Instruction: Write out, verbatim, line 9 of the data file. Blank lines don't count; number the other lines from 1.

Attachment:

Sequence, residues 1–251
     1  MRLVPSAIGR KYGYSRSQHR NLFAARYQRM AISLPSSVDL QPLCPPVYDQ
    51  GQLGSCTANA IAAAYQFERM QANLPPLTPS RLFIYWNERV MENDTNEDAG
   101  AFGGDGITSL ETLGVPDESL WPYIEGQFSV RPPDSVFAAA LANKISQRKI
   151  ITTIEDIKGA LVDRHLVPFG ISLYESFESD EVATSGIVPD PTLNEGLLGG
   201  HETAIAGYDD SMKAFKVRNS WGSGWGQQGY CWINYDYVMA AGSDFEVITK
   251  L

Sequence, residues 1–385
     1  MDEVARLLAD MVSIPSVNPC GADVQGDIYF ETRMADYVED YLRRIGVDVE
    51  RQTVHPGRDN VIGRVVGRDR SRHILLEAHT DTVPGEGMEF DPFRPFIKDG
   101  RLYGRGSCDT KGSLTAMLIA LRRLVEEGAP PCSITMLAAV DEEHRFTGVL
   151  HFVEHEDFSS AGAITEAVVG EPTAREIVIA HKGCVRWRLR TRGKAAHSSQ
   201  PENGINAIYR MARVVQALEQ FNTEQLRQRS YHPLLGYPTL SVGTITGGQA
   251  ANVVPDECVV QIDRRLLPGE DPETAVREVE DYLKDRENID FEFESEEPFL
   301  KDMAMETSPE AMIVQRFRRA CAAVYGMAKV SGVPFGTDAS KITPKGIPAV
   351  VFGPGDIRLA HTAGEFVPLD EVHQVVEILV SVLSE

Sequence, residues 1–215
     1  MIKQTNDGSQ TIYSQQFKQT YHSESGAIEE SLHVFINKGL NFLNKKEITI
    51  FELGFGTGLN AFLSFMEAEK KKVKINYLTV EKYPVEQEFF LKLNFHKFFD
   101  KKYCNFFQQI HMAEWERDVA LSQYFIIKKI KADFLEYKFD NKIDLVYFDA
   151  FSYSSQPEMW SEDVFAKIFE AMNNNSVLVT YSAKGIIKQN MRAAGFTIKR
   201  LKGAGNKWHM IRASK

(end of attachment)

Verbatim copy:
     1  MDEVARLLAD MVSIPSVNPC GADVQGDIYF ETRMADYVED YLRRIGVDVE